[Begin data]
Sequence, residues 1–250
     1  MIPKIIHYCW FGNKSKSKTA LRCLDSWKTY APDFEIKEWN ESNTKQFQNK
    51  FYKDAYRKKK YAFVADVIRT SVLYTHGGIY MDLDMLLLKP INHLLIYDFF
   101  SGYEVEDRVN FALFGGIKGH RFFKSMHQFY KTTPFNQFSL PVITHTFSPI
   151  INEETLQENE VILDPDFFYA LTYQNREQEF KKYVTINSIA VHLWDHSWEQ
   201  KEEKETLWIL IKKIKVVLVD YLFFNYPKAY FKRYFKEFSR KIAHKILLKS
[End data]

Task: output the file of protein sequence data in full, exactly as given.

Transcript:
Sequence, residues 1–250
     1  MIPKIIHYCW FGNKSKSKTA LRCLDSWKTY APDFEIKEWN ESNTKQFQNK
    51  FYKDAYRKKK YAFVADVIRT SVLYTHGGIY MDLDMLLLKP INHLLIYDFF
   101  SGYEVEDRVN FALFGGIKGH RFFKSMHQFY KTTPFNQFSL PVITHTFSPI
   151  INEETLQENE VILDPDFFYA LTYQNREQEF KKYVTINSIA VHLWDHSWEQ
   201  KEEKETLWIL IKKIKVVLVD YLFFNYPKAY FKRYFKEFSR KIAHKILLKS